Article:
2010-11-25 / Front Page

Volunteers Help Property Owners Manage Woodlands

John Griest joins volunteer program
By Lindsay R. Mellott STAFF WRITER

Forest steward volunteers Joe Wolfe, left, and John Griest, second from right, talk with Bureau of Forestry service forester Dave Scamardella, center, and logger Paul Smith, right, of Cumberland, Md., at the site of a woodlands management project taking place just west of McConnellsburg along Route 30. Forest steward volunteers Joe Wolfe, left, and John Griest, second from right, talk with Bureau of Forestry service forester Dave Scamardella, center, and logger Paul Smith, right, of Cumberland, Md., at the site of a woodlands management project taking place just west of McConnellsburg along Route 30. Nearly three-quarters of Pennsylvania’s 17 million acres of woodlands, 12.5 million acres, is held and managed by private landowners. Some of them own the land for income and investment potential, others for recreation, peace and solitude, or to provide wildlife habitat. Whatever the reasons, the management of these private forests has important economic and ecological implications for present and future generations.

Recently retired Central Fulton School District teacher John Griest and McConnellsburg dentist Joe Wolfe share a concern for the long-term health and viability of the state’s private forests, especially those here in Fulton County, that helped bring about their participation in the Pennsylvania Forest Stewards volunteer program.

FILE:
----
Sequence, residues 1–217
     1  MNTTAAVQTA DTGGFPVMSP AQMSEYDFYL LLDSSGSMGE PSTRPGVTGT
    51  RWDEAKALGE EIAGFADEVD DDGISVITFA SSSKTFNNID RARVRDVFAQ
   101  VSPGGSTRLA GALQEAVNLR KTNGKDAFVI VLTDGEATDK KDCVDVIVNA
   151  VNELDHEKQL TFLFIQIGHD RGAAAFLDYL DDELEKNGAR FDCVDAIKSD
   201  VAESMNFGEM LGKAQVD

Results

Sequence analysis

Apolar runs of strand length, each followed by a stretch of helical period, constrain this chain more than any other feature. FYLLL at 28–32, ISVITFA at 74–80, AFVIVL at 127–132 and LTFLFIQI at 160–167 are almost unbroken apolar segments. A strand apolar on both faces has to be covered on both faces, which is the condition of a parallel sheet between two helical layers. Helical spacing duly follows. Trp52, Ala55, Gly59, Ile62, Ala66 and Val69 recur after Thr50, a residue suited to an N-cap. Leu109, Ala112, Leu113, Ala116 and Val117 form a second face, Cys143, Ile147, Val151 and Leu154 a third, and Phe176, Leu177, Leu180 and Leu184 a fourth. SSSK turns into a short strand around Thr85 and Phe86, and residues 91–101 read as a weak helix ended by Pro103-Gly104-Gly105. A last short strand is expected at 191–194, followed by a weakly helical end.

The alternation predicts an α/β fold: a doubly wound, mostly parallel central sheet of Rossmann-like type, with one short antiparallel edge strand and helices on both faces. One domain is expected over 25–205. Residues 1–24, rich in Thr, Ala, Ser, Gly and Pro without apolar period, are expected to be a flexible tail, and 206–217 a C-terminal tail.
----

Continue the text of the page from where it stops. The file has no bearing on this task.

A stand of mixed conifers was clearcut for pulpwood that is seen here as its loaded for transport. A stand of mixed conifers was clearcut for pulpwood that is seen here as its loaded for transport. Griest and Wolfe, along with more than 500 other volunteers throughout the state who have completed a 40-plus-hour training program, promote the wise management and use of forest resources through the Pennsylvania Forest Stewardship Program (PaFS), an education and technical assistance effort that helps forest landowners manage their woodlands thoughtfully. Administered by the U.S. Department of Agriculture Forest Service, PaFS is a cooperative effort of government agencies and private resource organizations, including Penn State University’s School of Forest Resources. It is directed by the state Department of Conservation and Natural Resources, Bureau of Forestry.

The PaFS volunteer program functions in a way similar to that of the Penn State Master Gardener volunteer program. Volunteer woodland owners complete classroom and field training in forest and wildlife management, ecology, biodiversity, silviculture, erosion control, communication and oth- er subjects to become Pennsylvania Forest Stewards volunteers. In exchange for the training, they, like their master gardener counterparts, agree to invest time sharing what they have learned with others in their communities.

On a recent Friday, Griest and Wolfe spent the morning with Fulton County’s state Bureau of Forestry service forester Dave Scamardella at a 28-acre woodland management project just west of McConnellsburg that exemplifies sustainable forestry.